Thomas W. Durso
Central Piedmont Community College

Sometimes problems lurk below the surface, hidden from view for years. And other times the problems sit in plain view, so unequivocal as to demand attention.

The need to act was undeniable when officials at Central Piedmont Community College in North Carolina faced retention and graduation rates that were substantially lower for African-American males than for white males.

With African American male enrollment topping 3,300, the college launched programs they term “interventions” to foster students’ success throughout their time at the college.

“We looked at a student’s entire journey as a community college student,” says JJ McEachern, dean of enrollment management. “We looked at the connection phase, the entry phase, the progression phase and the completion phase, and tried to build initiatives under each of those different segments.”

The college informed African-American high school students of the chance to earn co-credits through a dual-enrollment program. Central Piedmont students were invited to one-on-one discussions and information sessions to provide support and encouragement.

Low-achieving students gathered in a “student success lunch” where administrators spoke about overcoming many of the same obstacles the students faced. In many cases, organizers piggybacked on existing events, greatly reducing costs for the interventions.

“The investment is not so much money as it is human capital,” says Diann Back, director of leadership and staff development. “A lot of people just felt strongly about this project and joined in.”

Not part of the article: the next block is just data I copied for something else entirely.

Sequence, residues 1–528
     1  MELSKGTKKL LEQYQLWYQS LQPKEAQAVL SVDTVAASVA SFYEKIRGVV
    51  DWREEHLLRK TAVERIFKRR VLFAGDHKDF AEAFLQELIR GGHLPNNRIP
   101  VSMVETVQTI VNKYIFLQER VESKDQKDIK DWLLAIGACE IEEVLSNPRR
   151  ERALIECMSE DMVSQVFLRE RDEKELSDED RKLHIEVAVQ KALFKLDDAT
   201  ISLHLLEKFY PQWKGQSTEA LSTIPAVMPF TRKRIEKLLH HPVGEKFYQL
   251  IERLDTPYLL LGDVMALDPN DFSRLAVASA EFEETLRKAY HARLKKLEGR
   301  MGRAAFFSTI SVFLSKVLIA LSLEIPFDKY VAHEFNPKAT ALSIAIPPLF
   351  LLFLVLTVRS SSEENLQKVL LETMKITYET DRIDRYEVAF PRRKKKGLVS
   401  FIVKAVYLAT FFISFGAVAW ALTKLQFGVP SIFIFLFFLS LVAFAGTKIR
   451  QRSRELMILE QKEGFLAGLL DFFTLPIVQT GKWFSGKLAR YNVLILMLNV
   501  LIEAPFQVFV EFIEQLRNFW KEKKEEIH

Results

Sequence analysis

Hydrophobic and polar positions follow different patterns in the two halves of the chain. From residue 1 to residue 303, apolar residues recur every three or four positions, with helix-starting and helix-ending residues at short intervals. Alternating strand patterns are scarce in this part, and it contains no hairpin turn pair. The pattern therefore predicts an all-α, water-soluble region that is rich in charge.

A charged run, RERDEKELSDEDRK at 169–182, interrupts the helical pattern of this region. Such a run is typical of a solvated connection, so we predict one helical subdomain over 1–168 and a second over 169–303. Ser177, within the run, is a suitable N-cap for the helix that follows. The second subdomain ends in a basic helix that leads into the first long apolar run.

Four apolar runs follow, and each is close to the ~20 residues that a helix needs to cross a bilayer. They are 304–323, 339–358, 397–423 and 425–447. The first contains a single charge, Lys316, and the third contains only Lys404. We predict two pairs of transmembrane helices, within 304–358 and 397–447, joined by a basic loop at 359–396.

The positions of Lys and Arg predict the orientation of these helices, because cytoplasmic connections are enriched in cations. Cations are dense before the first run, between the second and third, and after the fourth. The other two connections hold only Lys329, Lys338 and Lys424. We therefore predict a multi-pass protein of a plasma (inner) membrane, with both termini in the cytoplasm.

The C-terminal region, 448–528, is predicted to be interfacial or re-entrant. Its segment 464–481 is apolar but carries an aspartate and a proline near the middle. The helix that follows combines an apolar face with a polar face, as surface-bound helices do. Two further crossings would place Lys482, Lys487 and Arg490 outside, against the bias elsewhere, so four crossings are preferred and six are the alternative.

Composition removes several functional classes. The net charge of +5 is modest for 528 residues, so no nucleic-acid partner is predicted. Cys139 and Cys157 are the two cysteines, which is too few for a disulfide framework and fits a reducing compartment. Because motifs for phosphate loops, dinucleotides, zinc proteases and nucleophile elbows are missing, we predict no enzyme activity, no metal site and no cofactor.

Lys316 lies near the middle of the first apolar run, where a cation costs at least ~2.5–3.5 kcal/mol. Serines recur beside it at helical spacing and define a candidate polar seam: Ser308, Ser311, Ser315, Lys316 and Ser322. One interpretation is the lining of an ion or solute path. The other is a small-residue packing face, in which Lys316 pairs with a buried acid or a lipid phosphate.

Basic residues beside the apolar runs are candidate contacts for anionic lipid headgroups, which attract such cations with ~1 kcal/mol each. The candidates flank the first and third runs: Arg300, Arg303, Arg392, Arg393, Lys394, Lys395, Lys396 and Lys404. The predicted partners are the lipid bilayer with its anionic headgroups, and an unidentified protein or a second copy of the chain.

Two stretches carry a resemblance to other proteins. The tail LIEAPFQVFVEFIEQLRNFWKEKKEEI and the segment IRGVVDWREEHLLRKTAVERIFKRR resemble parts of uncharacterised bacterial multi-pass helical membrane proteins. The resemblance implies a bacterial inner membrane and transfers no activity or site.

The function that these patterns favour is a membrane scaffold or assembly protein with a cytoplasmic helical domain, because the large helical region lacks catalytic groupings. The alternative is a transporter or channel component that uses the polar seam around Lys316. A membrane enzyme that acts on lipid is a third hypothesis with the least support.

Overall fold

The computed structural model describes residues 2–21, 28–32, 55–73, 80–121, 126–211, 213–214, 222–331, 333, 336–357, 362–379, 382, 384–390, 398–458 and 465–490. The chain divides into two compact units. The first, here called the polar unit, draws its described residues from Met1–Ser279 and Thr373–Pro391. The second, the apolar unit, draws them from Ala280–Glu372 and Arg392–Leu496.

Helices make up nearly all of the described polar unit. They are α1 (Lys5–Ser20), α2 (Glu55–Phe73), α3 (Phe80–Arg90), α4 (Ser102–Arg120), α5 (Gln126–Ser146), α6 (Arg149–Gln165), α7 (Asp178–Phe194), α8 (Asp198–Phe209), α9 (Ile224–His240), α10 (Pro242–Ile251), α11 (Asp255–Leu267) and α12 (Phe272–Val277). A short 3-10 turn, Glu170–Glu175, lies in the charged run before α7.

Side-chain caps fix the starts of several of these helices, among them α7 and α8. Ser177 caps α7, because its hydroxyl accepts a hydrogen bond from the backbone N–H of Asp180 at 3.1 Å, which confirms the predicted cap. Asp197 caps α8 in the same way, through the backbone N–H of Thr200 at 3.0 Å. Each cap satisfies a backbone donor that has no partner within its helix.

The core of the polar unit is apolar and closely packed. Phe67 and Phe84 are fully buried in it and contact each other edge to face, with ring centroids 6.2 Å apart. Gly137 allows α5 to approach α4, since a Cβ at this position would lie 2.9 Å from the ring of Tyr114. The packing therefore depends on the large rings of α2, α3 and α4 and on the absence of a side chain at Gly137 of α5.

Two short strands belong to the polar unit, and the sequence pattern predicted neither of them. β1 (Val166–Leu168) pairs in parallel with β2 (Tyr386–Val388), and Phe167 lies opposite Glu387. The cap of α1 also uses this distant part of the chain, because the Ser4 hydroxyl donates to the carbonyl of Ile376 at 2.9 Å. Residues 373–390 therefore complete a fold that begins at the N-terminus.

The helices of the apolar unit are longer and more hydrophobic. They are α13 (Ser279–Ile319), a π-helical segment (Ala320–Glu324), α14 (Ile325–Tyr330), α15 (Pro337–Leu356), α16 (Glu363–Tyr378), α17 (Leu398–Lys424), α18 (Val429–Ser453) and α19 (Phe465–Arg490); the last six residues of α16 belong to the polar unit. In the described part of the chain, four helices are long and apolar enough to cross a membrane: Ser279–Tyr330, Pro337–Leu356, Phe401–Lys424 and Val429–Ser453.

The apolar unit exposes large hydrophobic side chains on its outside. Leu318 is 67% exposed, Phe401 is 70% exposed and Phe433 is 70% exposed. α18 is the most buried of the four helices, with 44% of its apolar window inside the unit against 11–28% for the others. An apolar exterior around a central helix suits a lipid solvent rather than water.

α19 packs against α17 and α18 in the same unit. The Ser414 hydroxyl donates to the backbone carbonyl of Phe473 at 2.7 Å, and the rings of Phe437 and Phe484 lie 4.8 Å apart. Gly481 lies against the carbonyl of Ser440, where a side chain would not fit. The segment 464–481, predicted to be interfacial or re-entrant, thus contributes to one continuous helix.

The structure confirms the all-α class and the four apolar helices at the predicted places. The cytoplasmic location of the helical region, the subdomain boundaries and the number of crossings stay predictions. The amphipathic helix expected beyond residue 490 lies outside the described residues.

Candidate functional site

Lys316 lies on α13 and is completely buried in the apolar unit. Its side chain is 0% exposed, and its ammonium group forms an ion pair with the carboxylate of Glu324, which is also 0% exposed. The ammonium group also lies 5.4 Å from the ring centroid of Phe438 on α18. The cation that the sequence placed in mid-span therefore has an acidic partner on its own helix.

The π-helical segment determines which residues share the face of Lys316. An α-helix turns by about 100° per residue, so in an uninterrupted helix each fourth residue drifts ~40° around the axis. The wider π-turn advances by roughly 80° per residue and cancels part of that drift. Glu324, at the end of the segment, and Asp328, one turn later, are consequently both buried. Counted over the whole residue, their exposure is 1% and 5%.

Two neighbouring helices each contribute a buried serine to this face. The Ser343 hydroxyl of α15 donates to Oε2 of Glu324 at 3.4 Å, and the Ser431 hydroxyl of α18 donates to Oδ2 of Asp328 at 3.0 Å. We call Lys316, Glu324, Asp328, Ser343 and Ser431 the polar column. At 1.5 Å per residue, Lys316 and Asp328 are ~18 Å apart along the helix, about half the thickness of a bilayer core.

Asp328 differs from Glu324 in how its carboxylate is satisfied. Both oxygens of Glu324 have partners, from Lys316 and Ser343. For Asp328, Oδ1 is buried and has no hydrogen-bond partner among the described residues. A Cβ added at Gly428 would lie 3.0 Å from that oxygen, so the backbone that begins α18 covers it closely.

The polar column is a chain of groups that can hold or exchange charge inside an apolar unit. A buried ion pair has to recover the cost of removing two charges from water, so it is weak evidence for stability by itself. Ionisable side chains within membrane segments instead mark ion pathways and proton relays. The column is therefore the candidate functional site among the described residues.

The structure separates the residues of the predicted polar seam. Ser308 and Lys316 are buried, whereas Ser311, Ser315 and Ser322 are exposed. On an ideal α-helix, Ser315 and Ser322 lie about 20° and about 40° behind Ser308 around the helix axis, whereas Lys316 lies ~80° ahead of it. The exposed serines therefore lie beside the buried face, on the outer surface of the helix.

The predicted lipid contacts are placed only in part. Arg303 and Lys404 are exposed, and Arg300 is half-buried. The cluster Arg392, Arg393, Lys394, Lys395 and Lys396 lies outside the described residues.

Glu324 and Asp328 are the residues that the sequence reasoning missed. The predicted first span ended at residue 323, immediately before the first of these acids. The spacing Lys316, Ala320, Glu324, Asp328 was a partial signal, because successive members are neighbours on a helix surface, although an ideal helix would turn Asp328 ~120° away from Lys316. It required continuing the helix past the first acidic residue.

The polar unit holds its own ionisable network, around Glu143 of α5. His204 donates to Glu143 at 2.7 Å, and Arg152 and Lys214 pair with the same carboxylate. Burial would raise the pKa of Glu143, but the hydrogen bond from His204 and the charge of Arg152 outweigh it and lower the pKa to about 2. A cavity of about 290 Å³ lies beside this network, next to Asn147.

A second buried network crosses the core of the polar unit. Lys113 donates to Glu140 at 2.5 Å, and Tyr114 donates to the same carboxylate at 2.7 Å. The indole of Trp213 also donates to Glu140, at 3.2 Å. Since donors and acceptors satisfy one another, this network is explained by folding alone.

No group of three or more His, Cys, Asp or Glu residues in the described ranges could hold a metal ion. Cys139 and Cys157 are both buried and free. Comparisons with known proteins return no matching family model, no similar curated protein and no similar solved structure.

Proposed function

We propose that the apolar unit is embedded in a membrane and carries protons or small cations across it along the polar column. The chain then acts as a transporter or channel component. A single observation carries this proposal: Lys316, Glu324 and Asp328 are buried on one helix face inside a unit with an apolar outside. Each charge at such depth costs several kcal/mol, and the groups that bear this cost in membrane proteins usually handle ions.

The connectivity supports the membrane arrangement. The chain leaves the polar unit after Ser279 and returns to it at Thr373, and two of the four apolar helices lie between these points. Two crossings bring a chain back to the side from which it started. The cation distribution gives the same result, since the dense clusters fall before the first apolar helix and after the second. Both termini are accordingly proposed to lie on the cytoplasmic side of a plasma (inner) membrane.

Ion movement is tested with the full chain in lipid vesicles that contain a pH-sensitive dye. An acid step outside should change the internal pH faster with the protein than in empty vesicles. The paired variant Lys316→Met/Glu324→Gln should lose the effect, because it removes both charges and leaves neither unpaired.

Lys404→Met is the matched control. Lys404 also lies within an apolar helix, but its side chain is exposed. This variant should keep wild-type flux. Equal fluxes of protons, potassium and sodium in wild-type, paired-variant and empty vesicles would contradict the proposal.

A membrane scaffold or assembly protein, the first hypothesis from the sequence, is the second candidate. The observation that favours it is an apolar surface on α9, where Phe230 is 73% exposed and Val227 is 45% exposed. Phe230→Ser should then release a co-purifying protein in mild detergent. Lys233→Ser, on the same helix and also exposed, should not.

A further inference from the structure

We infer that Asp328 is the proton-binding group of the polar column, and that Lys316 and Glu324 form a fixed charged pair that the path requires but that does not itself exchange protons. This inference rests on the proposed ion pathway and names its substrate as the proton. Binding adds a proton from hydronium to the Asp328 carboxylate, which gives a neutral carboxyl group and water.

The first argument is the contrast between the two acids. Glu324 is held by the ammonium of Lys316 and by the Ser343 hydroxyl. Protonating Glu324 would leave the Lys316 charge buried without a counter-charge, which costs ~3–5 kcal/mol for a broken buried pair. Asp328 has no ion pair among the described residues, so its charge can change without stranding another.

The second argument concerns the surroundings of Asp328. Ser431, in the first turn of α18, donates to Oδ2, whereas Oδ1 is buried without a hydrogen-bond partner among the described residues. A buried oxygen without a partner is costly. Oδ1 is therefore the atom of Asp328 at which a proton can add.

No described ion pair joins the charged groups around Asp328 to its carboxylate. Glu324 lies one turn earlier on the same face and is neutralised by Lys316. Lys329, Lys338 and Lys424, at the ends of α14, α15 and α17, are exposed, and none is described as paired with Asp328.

Indeed, the college assembled a cross-functional team to shepherd the initiative—with representatives from key stakeholder groups, including faculty and staff from all levels of the institution. This provided for greater depth of perspectives and knowledge, and also increased opportunities for collaboration between departments.

Despite the size and scope of the group, team members have retained their enthusiasm for the project by feeding off the energy of the students they’re reaching out to and by being willing to try anything.

“Because we were open to all the ideas, everyone in the group remained committed,” says Marcia Colson, director of graduation.

The results are promising: an average increase of fall-to-spring retention of 6 percent and fall-to-fall retention of 4.5 percent for this student group.

“If we can build the type of programs that each department can sustain,” says McEachern, “it’ll help us in the long-term with recruiting, and retaining and graduating African-American men.”